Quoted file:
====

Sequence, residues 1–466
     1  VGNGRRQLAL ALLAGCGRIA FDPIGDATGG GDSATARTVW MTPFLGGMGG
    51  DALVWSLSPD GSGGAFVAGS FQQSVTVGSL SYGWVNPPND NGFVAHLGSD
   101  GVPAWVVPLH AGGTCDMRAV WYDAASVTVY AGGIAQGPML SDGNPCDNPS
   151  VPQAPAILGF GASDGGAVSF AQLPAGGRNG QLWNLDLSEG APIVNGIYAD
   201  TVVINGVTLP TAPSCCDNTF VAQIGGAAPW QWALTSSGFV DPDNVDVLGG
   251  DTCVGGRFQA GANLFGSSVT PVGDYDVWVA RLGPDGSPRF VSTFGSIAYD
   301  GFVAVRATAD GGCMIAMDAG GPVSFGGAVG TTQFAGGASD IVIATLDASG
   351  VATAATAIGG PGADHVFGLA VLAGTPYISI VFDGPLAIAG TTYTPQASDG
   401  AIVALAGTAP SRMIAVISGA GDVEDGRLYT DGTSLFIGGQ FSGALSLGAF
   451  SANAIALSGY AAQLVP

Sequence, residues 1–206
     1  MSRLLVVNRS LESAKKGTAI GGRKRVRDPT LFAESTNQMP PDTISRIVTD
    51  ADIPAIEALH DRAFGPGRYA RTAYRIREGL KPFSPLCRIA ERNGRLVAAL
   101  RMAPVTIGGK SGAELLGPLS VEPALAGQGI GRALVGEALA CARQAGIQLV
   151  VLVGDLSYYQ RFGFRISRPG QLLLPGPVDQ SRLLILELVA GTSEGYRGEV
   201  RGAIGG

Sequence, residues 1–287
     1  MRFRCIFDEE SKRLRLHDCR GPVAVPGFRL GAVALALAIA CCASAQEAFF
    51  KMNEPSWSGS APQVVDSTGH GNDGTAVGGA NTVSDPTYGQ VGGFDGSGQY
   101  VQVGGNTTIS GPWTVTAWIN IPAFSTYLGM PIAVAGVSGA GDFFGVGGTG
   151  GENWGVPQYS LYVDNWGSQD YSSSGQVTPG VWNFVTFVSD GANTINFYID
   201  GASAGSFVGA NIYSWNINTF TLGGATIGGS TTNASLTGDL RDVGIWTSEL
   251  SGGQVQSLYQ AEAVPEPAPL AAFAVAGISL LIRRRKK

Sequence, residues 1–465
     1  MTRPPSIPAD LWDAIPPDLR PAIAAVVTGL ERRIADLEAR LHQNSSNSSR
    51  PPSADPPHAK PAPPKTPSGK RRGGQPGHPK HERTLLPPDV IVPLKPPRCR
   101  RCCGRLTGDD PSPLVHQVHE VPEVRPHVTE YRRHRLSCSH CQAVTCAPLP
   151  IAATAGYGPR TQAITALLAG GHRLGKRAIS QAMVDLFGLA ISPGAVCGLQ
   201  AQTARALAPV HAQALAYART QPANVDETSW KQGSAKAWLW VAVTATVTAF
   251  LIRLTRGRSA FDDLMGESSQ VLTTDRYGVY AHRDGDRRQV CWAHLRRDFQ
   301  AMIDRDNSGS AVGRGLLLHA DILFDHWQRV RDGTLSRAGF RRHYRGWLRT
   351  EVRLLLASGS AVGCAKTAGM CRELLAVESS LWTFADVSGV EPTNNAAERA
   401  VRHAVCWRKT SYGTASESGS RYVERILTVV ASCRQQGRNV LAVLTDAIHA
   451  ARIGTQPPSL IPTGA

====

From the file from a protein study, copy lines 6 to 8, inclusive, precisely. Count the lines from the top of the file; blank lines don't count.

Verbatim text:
   201  TVVINGVTLP TAPSCCDNTF VAQIGGAAPW QWALTSSGFV DPDNVDVLGG
   251  DTCVGGRFQA GANLFGSSVT PVGDYDVWVA RLGPDGSPRF VSTFGSIAYD
   301  GFVAVRATAD GGCMIAMDAG GPVSFGGAVG TTQFAGGASD IVIATLDASG